Crandall returned to his All-Star form in 1958, hitting .272 in 131 games, with 50 runs, 23 doubles (career high), 18 homers, 63 RBIs and a career best 48 walks. His .805 OPS was a career best. He won his first Gold Glove, and he finished tenth in the MVP voting. He batted .257 in a career high 150 games during the 1959 season. He had 65 runs, 19 doubles, 21 homers, 72 RBIs and a .741 OPS. He played two All-Star games that year (happened during the 1959-62 seasons), won his second Gold Glove, and he finished 11th in the MVP voting. Crandall hit .294 over 142 games in 1960, setting career highs with 81 runs and 77 RBIs, while adding 14 doubles and 19 homers. He finished with a .764 OPS. He played just 15 games in 1961 due to an arm injury. After April 20th that year, he appeared ten times as a pinch-hitter over the next three months, but didn’t see any time in the field. He returned healthy in 1962 to hit a career best .297 in 107 games, with 35 runs, 23 extra-base hits, 45 RBIs and a .765 OPS. He played in the two All-Star games, won another Gold Glove, and he finished 26th in the MVP voting. His playing time began to drop the next season, failing to reach triple digits in games in any of his final four seasons in the majors. He hit just .201 in 1963, with 18 runs, four doubles, three homers and 28 RBIs in 86 games. After the season, he was part of a six-player trade between Milwaukee and the San Francisco Giants.
Crandall was on the downside of his career by the time the Pirates traded for him, just shy of his 35th birthday at the time. He played just 69 games in 1964 for the Giants, hitting .231/.309/.328 over 219 plate appearances, with 12 runs, eight doubles, three homers and 11 RBIs. His offensive numbers slipped even more during his only season with the Pirates. He hit .214/.289/.271 over 57 plate appearances, with 11 runs, two doubles, two homers and ten RBIs in 60 games. He made just one error all season, and he threw out 57% of would be base stealers. Pittsburgh released him following the season, then he finished his big league playing career the next year with the Cleveland Indians, where he hit .232/.320/.361, with ten runs, two doubles, four homers and eight RBIs in 50 games. He played a handful of games during the 1969-70 seasons as a player-manager in the minors with Albuquerque of the Double-A Texas League. Crandall spent 17 years as a manager in the pros, six in the big leagues. Four of those big league years were back in Milwaukee (for the Brewers) where he played 11 years during his career. He also managed the 1983-84 Seattle Mariners. He had a 271-338 record in the majors. He finished his big league career with a .254 average in 1,573 games, with 585 runs, 179 doubles, 179 homers and 657 RBIs.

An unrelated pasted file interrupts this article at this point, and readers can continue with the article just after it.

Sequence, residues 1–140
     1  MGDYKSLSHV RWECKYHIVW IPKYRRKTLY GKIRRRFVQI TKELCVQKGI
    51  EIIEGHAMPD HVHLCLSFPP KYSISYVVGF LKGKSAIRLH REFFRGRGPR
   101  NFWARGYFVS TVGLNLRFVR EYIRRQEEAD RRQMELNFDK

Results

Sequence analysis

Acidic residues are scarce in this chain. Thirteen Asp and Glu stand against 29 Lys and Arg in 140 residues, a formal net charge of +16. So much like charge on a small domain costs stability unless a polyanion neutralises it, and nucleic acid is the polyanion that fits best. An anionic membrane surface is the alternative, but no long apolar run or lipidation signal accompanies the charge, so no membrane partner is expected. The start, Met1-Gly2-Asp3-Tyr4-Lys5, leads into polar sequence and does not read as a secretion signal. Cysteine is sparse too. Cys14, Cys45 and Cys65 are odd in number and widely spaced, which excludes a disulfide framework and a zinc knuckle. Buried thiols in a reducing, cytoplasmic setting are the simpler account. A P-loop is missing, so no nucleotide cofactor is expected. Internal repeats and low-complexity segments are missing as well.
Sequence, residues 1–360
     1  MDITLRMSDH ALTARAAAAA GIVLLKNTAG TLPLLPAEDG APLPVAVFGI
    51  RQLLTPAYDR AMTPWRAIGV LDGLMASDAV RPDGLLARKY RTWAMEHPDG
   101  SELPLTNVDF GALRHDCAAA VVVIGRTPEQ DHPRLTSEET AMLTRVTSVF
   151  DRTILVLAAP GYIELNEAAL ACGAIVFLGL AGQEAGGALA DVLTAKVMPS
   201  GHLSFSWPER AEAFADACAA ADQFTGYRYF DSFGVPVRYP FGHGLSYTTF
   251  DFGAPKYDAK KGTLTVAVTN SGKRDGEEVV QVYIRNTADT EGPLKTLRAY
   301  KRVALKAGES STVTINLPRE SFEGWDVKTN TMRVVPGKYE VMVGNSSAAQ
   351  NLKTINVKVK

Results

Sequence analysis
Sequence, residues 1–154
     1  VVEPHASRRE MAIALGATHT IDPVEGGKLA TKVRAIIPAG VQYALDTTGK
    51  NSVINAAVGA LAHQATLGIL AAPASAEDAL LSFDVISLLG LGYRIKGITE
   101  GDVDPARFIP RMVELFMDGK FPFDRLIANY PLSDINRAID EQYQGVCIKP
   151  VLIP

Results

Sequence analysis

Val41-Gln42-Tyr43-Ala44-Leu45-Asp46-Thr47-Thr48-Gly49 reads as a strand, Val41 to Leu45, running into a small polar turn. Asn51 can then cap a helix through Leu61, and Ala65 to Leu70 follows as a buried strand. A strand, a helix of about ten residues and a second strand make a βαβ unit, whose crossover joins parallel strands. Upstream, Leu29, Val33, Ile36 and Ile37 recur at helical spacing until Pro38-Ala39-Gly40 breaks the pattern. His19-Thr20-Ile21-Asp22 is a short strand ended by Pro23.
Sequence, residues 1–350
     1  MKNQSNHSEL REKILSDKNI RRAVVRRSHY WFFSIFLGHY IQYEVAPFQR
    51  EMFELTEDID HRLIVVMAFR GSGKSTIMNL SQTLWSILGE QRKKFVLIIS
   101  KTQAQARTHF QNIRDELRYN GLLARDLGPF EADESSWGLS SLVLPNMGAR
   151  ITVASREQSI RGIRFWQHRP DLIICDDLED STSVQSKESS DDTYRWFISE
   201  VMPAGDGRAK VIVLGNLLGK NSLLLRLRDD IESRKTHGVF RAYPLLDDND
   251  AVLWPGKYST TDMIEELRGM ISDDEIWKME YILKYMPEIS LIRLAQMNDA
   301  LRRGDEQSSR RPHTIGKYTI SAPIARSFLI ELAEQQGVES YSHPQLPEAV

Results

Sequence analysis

Harry Shuman, pitcher for the 1942-43 Pirates. He began his minor league career in 1936 at 21 years old after attending Temple University. His first year saw him get brief action with both York and Williamsport of the Class-A New York-Penn League (no stats are available). He dropped down a level to Richmond of the Class-B Piedmont League in 1937, where he had a 4-7 record and a 1.56 WHIP in 119 innings of work. His ERA isn’t available, but it’s known that he allowed 5.75 runs per nine innings. Two years after his pro debut, he began a string of five straight seasons with at least 11 wins, topping out with 18 victories for the Harrisburg Senators of the Class-B Interstate League in 1941. While that win streak sounds like a solid stat, Shuman spent half of the 1938 season with Milford of the Class-D Eastern Shore League, three levels lower than where he started his pro career. He went 8-6, 4.59 in 102 innings for Milford, while spending the rest of the year back in Richmond, where he had a 3-6, 6.24 record in 98 innings. He had 132 strikeouts and a 1.49 WHIP in 200 innings that season. He played the entire 1939 season with Richmond, going 17-12 in 228 innings over 48 games, allowing 4.86 runs per nine innings, while posting a 1.43 WHIP. Shuman dropped down to the Class-C Canadian-American League in 1940, where he went 11-7, 3.74, with a 1.36 WHIP in 149 innings for Gloversville-Johnstown. His 1941 season in Harrisburg was the breakthrough he needed. He went 18-6, 2.24 in 237 innings, with a 1.19 WHIP. On September 10, 1941, it was announced that Shuman would join the Pirates as soon as the season was over for Harrisburg. He joined the Pirates after the Interstate League playoffs ended, then spent the last 12 days of the season (Sept. 17-28) on the bench without an appearance.
Shuman went 12-11, 3.18 over 170 innings for Toronto of the Double-A International League in 1942 (highest level of the minors at the time), before earning a September look with the Pirates. The Pirates only gave him a tryout in 1941, so when he went from Harrisburg to Toronto, it was actually a player sale between the two minor league clubs. The Pirates purchased his contract from Toronto on September 2, 1942, along with two of his teammates, Burgess Whitehead and Jim Russell. In his big league debut on September 14, 1942, Shuman tossed two shutout innings at the Polo Grounds against the New York Giants, allowing just one runner (a walk). That ended up being his only appearance that season. He was used in a mop-up role in Pittsburgh during the 1943 season, making 11 relief appearances (all in losses) between Opening Day and July 10th, many of them being one-sided games. In his final game, the Pirates lost 23-6 to the Brooklyn Dodgers, who scored ten runs in the first, then another ten runs in the fourth inning. Shuman came on with one out in the first and allowed four runs of his own before being removed after recording just one out. He was loaned to Toronto for the last half of the 1943 season on July 21st, in exchange for infielder Al Rubeling. Shuman went 4-3, 2.06 in 48 innings with Toronto, mostly working in relief.